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Globalization Backlash?

Washington Post business columnist Steven Pearlstein is probably right when he concludes that the world is experiencing something of a backlash against globalization, but he is almost completely wrong about the reasons. Tim Graham has already noted a few problems with Pearlstein’s column, but I’d like to zero in on one statement in particular:

Take the standoff in Sunday’s election in Mexico. Here’s a country that has dutifully followed the globalization script written by the U.S. Treasury, the World Bank and the International Monetary Fund, adopting a free trade pact, denationalizing and deregulating much of its economy, and attracting gobs of foreign investment. But in the years since, it has suffered one financial crisis, seen its small farmers brought to the brink of ruin and failed to develop an efficient and entrepreneurial service sector. And the one sector of its economy that had produced the most gains, manufacturing for multinational corporations, is now threatened by even cheaper labor in China.

Pearlstein makes it seem like Mexico’s problems are the result of following “the globalization script.” But as Jason Steorts documents in this week’s NR cover story, the exact opposite is the case: Mexico suffers from too little reform, not too much. The state-owned energy monopoly is going broke. Socialist agricultural policies have spread rural poverty far and wide. And despite its steps toward liberalization, the business climate remains unfriendly toward foreign investment. Steorts writes:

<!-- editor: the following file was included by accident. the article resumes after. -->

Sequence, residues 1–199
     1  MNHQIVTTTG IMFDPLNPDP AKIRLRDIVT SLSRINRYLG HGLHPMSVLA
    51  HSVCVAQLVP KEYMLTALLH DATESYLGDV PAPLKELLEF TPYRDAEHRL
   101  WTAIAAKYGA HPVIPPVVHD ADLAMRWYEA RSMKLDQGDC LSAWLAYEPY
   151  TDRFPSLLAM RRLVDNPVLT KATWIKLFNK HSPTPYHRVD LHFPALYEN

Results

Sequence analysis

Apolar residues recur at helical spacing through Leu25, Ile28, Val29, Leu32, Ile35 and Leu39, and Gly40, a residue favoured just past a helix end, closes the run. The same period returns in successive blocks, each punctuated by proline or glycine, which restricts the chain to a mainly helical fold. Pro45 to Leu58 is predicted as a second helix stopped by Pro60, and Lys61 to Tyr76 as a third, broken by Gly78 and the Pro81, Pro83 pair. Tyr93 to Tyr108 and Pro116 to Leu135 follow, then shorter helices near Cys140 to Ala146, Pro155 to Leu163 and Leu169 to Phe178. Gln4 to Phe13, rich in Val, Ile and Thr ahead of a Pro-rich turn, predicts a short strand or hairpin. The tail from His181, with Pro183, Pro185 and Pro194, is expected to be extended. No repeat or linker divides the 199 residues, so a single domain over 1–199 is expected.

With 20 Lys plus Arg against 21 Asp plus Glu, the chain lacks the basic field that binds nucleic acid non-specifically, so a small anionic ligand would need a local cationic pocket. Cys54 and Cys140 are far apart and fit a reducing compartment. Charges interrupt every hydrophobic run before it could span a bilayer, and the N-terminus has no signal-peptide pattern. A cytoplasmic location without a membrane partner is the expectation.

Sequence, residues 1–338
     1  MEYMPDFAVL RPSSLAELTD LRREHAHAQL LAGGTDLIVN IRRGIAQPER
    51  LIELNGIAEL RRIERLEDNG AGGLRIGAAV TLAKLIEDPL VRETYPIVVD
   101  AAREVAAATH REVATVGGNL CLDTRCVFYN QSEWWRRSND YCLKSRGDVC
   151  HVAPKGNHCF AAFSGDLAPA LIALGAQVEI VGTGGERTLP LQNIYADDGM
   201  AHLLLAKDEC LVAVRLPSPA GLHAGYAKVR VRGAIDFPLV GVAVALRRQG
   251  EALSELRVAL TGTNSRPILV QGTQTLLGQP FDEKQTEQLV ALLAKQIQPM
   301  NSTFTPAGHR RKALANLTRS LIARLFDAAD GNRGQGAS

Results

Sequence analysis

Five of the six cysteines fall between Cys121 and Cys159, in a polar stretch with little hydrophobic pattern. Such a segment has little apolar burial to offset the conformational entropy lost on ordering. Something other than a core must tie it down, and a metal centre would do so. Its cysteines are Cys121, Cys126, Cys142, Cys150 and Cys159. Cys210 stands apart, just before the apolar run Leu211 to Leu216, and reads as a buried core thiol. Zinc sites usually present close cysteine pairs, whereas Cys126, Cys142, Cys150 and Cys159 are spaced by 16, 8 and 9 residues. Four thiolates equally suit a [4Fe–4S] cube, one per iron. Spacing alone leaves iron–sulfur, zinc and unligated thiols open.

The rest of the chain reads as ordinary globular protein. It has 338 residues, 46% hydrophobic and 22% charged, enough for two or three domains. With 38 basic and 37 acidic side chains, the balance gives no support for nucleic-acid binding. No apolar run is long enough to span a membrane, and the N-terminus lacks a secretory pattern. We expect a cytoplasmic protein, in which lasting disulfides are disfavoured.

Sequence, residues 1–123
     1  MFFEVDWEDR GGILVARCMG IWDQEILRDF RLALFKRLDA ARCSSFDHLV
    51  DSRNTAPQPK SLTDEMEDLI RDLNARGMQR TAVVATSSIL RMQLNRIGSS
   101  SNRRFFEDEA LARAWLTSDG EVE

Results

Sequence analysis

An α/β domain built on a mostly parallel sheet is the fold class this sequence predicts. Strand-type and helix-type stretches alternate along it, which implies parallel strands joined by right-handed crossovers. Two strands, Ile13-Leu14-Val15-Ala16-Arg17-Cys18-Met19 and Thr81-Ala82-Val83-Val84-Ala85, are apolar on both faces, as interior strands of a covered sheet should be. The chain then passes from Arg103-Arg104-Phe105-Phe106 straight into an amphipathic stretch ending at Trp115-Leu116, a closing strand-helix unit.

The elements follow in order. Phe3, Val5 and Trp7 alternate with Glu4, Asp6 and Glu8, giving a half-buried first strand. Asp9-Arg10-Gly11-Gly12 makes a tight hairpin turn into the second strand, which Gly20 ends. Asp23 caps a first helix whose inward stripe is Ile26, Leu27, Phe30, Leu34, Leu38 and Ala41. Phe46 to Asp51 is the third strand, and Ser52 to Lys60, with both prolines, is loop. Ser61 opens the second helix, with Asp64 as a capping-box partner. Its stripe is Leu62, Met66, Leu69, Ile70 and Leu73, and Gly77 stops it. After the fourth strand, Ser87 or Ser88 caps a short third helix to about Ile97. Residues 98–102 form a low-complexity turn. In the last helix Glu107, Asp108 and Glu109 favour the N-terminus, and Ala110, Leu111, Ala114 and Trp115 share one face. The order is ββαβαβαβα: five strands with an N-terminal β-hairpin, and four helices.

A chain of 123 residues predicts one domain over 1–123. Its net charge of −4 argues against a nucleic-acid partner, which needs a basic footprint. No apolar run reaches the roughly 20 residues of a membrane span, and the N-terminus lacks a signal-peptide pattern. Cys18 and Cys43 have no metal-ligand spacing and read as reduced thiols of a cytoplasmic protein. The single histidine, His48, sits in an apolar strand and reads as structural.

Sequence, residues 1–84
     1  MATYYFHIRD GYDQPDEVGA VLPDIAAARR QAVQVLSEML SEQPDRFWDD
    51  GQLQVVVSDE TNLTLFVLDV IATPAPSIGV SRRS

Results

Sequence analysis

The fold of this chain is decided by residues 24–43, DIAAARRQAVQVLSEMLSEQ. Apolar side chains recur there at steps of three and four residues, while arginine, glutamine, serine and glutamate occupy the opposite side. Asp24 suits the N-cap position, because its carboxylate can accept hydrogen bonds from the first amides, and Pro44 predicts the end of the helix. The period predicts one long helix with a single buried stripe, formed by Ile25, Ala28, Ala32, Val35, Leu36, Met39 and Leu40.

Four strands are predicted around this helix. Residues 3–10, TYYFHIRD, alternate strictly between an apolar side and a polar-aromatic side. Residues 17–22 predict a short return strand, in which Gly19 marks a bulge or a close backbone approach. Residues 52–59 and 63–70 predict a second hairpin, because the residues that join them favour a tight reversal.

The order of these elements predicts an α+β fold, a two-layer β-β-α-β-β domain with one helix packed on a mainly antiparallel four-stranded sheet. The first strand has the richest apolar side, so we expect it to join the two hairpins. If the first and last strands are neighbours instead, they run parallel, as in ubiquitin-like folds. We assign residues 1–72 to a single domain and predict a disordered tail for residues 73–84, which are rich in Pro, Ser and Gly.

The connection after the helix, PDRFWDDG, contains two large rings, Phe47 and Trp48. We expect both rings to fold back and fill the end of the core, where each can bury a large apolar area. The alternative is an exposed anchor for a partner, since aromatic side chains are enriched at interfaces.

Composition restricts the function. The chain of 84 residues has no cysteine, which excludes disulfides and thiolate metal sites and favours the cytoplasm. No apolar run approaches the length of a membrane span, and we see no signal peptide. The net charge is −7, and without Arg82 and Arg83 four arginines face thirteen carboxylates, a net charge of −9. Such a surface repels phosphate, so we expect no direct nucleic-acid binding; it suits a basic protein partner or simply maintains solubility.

Improving the business climate would require, principally, a combination of labor reform and tax reform. A medium-sized company in Mexico paid 31.3 percent of its gross profit to the government in 2005, while its U.S. equivalent parted with only 21.5 percent. Starting a business in Mexico can be a bureaucratic nightmare: The World Bank found that doing so takes, on average, 58 days, compared with five in the U.S. (Mexico is bad even by Latin American standards: Starting a business in Chile takes 27 days; in Argentina, 32.) Mexico also has more rigid regulations on work hours and on the firing of workers than other countries in the region, as well as greater hiring costs. All of this gives pause to potential investors. Luis Pazos, the Mexican economist, believes that a combination of lowering corporate tax rates, reducing Mexico’s value-added tax to 10 percent on all goods and services, and introducing greater labor flexibility would result in “many more companies’ settling in Mexico to take advantage of NAFTA and the proximity to the U.S. market.”

Latin American leftists are good at blaming their countries’ problems on globalization rather than lingering statism. They must be pleased that Pearlstein is buying their arguments. He concludes:

With the near-certain collapse of the Doha round and the prospect of a wall going up across the Rio Grande, you can be sure that, in the coming days, business executives, think-tank economists and former chairmen of the Federal Reserve will come forward with all sorts of dire warnings about the dangers of protectionism and isolationism.
They should all save their breath. You can’t go around the world preaching about democracy and free markets if you’re not willing to accept the results of elections and acknowledge the shifting sentiments in the marketplace of ideas.